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460 ill from toxic fungi in 2014

Cases of mushroom poisonings are up this year because of favourable growing conditions

10 November 2014

MORE than 460 people this year have been poisoned from eating wild mushrooms so far this season, up from 265 cases last year.

The increased number of poisonings between June 30 and September 21 are linked to this season’s favourable growing conditions. Mushrooms flourish with rainfall, humidity and warm temperatures, and this year there was more summer rain and warmer temperatures in September. Fungi take just 24 hours to grow after rainfall.

Health watchdog Institut de Veille Sanitaire (InVS) runs a survey every year from July to December, which is when 90% of poisoning cases occur.

During the same period, 188 people attended urgences with mushroom poisoning, compared to 103 in 2013. Most were in Midi-Pyrénées (13,6%), followed by Pays de la Loire (13,1%) and Rhône-Alpes (13,1%) although all regions were included.

Medical experts recommend taking any foraged fungi to a pharmacist to be approved, as digesting toxic champignons can lead to nausea, kidney failure and even death. Pharmacists are trained to distinguish toxic and edible mushrooms as part of their studies.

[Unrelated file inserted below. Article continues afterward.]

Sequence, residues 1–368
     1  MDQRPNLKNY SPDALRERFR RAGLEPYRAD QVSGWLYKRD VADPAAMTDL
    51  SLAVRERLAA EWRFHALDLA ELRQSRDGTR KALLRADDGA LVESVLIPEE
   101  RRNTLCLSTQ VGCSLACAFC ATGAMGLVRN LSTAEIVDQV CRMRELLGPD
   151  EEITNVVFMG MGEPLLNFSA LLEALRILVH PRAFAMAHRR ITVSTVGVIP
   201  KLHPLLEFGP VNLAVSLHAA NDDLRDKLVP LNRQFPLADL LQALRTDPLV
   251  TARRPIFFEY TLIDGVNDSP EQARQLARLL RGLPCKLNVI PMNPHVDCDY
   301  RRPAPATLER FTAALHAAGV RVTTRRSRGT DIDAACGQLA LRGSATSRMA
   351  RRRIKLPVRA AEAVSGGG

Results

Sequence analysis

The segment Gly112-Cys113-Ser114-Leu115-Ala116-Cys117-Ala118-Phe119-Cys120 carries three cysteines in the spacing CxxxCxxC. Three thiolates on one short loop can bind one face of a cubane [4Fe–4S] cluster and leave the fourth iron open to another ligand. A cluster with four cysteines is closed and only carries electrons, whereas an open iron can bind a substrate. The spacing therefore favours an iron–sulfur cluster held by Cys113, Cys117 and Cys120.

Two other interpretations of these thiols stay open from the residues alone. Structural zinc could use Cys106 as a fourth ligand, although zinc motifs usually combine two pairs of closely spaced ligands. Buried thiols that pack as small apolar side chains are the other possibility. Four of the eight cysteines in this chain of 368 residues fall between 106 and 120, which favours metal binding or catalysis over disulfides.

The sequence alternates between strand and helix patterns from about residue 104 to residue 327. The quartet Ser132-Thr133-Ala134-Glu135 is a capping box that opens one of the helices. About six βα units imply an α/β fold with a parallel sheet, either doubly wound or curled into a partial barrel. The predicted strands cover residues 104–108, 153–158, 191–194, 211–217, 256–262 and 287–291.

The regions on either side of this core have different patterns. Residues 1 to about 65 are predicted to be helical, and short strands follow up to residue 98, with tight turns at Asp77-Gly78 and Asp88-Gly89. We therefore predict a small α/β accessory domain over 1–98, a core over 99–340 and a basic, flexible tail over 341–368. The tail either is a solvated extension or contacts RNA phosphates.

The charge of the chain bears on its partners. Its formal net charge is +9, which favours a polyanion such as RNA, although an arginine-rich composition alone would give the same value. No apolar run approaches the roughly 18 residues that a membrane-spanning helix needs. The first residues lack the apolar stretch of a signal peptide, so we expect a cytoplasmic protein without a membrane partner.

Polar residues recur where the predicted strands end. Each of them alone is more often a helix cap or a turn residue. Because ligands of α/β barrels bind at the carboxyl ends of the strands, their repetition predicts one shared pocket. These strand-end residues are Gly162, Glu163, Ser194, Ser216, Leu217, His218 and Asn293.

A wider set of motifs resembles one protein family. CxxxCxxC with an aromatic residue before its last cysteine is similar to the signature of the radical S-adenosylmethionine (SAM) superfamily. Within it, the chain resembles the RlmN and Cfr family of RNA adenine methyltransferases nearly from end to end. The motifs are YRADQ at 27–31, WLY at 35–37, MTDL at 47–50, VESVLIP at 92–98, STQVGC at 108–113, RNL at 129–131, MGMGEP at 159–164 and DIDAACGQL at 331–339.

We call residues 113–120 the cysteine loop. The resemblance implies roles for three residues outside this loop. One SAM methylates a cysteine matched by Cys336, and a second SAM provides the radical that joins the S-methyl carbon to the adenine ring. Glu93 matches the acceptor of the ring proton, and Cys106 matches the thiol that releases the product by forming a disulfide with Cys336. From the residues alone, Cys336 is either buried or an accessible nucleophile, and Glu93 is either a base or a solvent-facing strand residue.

Anyone showing symptoms including diarrhoea, vomiting, nausea, shaking, vertigo or vision problems, which usually start 12 hours after eating wild mushrooms, should call an anti-poison centre or call Centre 15 as their condition could deteriorate rapidly. They should note the time of eating, first symptoms and keep any remnants of the mushrooms.

InVS and government health body DGS are advising mushroom-pickers to take the following precautions:

• Do not pick mushrooms that you do not perfectly recognise, as many poisonous mushrooms look like edible ones.

• If you are in any doubt about the identification of one of your mushrooms, do not eat it before having it checked by an expert including a pharmacist or a mycology specialist.

• Only pick specimens that are in perfect condition and pick the entire mushroom so it can be correctly identified.

• Avoid polluted sites – including roadsides, industrial areas and rubbish dumps - as mushrooms absorb and concentrate pollutants.

• Keep mushrooms separately in a crate or cardboard box, but never in a plastic bag which accelerates rotting. Leave them in the fridge and eat them within two days of picking, always cooking them first.

• Separate mushrooms by species as a poisonous mushroom can contaminate others.

• Wash your hands carefully after picking.

Mushrooms belong to the owner of the land, and there are restrictions on where, when, which and how many mushrooms can be picked, so it is wise to contact your local mairie or relevant information before going foraging.

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